It's a different world, no doubt. My brothers and I had long summer days outside where we wandered the neighborhood and mixed with the neighborkids. It wasn't utopia, to be sure--there were disagreements, enemies, and the need to create safe spaces and fall back plans. We had the chance to walk all over, to go into places of business and navigate that territory alone. We were dropped at the mall so we could catch a film, eat something, roam the shops.

The freedom to learn from our encounters, especially when those encounters went badly, allowed us to grow, to problem-solve, to compensate.

Social and emotional learning is not just for autistic and other neurodevelopmentally delayed individuals. It is for everyone, and until schools and parents intentionally focus on teaching real-world skills to all children, we're going to continue to have issues with our kids, all our kids, growing into emotionally and socially mature individuals. All you have to do is look at any news article to find socially and emotionally immature trolls who have nothing better to do than to lash out at those who are different from them. Or, failing that, try driving by a school at pickup or dropoff time to see adults who believe that they don't need to wait their turn--that they are too important to not go to the head of the line.

Goleman notes that social and emotional learning curriculums for all students from kindergarten through high school are gaining ground: "In Illinois, for instance, specific learning standards in SEL abilities have been established for every grade from kindergarten through the last year of high school. To give just one example of a remarkably detailed and comprehensive curriculum, in the early elementary years students should learn to recognize and accurately label their emotions and how they lead them to act. By the late elementary years lessons in empathy should make children able to identify the nonverbal clues to how someone else feels; in junior high they should be able to analyze what creates stress for them or what motivates their best performance. And in high school the SEL skills include listening and talking in ways that resolve conflicts instead of escalating them and negotiating for win-win solutions."

Sure, there will be people groaning that this isn't something the school should have to teach everyone, but those of us who have children on the spectrum know that our children's worlds would be much easier to navigate if everyone learned the social rules--that we need to show respect for others, listen quietly, respond appropriately, and most importantly, to be kind--to give others a break.

All too often, as a teacher, I can look out at my sea of students and see their frustration with students who are different, or who choose to ask questions or comment in class--they sigh, they roll their eyes, they mutter under their breath. Acceptance of all is not something we are good at, and the greater the difference, the less the acceptance. Teachers can absolutely mitigate that, at least in the classroom, by having a zero tolerance policy for that kind of behavior and by modeling patience, acceptance, and inclusion.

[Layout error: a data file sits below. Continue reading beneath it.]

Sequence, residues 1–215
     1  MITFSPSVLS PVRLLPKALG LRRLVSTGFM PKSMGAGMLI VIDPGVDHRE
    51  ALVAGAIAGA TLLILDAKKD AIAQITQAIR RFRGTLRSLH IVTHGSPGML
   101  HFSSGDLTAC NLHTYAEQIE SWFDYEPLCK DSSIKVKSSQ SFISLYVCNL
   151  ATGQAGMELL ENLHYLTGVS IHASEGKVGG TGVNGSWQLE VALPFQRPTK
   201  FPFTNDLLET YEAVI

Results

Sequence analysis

There is a growing awareness among educators that social skills training is for everyone. NASP Resources' website notes, "Good social skills are critical to successful functioning in life. These skills enable us to know what to say, how to make good choices, and how to behave in diverse situations. The extent to which children and adolescents possess good social skills can influence their academic performance, behavior, social and family relationships, and involvement in extracurricular activities. Social skills are also linked to the quality of the school environment and school safety."

Instead of assuming that these social skills are naturally learned, NASP argues that "it is important that educators and parents reinforce this casual learning with direct and indirect instruction. We must also recognize when and where children pick up behaviors that might be detrimental to their development or safety. In the past, schools have relied exclusively on families to teach children important interpersonal and conflict resolution skills. However, increased negative societal influences and demands on family life make it imperative that schools partner with parents to facilitate this social learning process" (emphasis mine).

If we want our children's social skills to generalize to the wider population, we have to as a society make sure we're on the same page, that we value the same skills, that we provide a welcoming environment where quirks and eccentricities are not made fun of, but embraced. Diversity exists, so instead of isolating others who are different from us, instead of laughing at them or deriding them, let's model what we want for our children and autistic friends: acceptance and appreciation and do so by demonstrating patience, both in the classroom and in the real world.